Eventually, we’ve gathered information from different sources and created a structured and relevant knowledge item. Now we need to classify it. OpenText Content Server can analyze the item and find key words and the meaning of the text. We can also split knowledge items by document type and source.
Using the metadata, we can decide which is the best folder to store a new knowledge item.
Once a knowledge item is created, we will need to share it with all engaged people. All of these people have their roles and the system understands what kind of knowledge would be useful for them, so they can automatically receive new knowledge items and rate them. If the knowledge item gets positive feedback, the system increases its rating – leading to even wider distribution of this element across the organization.
Every so often we should ask engaged people if they still find the information useful, actual and relevant. If the answer is “no”, then it should be archived or actualized by other people.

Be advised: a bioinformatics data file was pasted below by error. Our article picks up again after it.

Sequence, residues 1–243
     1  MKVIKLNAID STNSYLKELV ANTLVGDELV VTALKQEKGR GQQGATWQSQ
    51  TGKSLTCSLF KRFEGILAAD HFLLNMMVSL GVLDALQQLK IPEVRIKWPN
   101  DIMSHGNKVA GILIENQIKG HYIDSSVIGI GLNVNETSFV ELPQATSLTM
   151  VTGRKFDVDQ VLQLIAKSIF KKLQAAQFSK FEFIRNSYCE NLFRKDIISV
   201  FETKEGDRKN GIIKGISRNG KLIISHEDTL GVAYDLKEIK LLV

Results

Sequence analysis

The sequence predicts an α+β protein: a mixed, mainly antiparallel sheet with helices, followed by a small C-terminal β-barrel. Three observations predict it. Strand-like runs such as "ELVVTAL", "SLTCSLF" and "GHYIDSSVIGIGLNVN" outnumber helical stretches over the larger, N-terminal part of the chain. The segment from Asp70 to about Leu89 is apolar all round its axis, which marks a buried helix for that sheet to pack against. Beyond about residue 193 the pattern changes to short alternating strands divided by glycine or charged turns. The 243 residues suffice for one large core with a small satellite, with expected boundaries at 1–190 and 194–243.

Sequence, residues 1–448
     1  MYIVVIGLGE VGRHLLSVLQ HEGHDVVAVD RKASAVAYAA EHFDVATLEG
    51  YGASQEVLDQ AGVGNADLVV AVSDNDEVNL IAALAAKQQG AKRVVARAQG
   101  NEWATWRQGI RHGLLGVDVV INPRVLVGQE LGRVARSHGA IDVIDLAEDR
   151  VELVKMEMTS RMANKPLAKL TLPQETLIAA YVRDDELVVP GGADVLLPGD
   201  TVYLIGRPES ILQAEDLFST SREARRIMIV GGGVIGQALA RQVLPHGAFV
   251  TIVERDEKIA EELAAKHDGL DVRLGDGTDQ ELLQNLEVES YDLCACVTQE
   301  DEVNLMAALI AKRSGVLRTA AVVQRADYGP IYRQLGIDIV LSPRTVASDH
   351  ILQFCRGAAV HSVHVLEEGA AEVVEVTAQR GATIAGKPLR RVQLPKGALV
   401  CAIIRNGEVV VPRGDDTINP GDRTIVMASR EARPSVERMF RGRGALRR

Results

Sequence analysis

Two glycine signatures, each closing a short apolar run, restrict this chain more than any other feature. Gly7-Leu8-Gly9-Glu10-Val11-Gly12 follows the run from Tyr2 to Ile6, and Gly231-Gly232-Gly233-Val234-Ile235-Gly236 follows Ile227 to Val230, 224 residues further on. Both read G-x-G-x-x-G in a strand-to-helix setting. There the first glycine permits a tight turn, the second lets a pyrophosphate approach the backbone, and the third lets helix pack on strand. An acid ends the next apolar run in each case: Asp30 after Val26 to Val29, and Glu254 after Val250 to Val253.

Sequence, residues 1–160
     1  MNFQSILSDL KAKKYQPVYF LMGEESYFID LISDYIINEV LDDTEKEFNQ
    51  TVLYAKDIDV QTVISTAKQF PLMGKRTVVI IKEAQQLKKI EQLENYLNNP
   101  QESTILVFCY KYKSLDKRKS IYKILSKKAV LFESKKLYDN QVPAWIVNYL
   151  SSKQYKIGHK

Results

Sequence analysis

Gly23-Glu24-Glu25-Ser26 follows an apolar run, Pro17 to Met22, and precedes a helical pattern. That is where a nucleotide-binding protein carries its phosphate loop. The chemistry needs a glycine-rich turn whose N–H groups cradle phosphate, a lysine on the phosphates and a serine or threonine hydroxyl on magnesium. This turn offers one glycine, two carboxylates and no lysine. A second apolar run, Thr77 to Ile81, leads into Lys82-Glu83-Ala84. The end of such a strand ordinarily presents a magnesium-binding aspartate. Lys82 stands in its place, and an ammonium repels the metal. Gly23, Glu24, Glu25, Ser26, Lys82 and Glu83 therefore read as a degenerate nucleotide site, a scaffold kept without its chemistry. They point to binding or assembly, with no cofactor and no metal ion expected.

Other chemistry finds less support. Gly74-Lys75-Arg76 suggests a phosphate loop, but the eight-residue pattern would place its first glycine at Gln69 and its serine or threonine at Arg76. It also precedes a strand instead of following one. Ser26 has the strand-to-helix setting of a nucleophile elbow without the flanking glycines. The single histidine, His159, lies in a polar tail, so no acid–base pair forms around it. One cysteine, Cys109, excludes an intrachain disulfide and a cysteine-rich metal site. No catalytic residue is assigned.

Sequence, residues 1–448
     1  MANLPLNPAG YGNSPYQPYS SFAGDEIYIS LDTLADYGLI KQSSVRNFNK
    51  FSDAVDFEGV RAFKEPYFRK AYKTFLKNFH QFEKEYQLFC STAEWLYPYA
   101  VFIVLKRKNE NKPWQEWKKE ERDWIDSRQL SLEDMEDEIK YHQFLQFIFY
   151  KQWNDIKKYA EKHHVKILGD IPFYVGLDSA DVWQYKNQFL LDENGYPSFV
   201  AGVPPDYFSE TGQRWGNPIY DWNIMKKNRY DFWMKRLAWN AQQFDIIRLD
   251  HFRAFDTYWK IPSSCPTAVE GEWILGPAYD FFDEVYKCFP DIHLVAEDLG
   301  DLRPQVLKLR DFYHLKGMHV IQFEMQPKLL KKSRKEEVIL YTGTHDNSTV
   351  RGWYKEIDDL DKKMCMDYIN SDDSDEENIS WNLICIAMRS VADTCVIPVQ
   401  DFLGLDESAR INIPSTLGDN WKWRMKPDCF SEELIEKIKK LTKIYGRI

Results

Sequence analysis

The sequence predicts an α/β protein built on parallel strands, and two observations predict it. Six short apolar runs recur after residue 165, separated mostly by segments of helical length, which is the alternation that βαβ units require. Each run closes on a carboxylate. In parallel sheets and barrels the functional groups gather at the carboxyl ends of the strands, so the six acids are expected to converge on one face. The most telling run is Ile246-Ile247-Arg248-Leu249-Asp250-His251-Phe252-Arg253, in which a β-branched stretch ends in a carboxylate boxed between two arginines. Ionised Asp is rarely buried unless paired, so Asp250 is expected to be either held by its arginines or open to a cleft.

It is important to know how to find knowledge items. Content Server indexes all files, enabling us to search necessary information using metadata tags or the document’s content.
We hope this article helps you to turn your company into a Knowledge Organization. To arrange a demonstration of TerraLink’s Knowledge Management solutions, please, contact us.
About OpenText and TerraLink: OpenText, founded in 1991 in Canada, is one of the world's largest vendors of solutions for managing enterprise content. TerraLink has been working with OpenText products for more than 15 years. It has the highest Platinum partner status and has won several awards for its achievements.